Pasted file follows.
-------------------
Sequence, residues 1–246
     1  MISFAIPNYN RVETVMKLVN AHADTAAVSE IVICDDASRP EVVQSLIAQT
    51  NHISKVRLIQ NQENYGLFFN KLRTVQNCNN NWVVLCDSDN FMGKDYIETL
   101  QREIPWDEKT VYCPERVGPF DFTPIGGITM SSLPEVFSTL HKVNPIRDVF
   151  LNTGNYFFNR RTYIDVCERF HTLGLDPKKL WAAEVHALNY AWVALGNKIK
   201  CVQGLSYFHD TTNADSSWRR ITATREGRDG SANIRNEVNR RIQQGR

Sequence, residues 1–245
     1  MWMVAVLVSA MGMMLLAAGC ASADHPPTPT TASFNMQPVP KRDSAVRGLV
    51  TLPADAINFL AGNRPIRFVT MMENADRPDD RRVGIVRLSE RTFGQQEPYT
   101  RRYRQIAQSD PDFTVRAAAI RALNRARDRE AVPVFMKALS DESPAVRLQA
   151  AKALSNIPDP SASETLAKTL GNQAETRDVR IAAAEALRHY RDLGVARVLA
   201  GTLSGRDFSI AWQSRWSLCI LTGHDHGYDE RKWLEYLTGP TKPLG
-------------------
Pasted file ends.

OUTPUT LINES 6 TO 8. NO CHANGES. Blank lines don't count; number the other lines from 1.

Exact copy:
   201  CVQGLSYFHD TTNADSSWRR ITATREGRDG SANIRNEVNR RIQQGR

Sequence, residues 1–245
     1  MWMVAVLVSA MGMMLLAAGC ASADHPPTPT TASFNMQPVP KRDSAVRGLV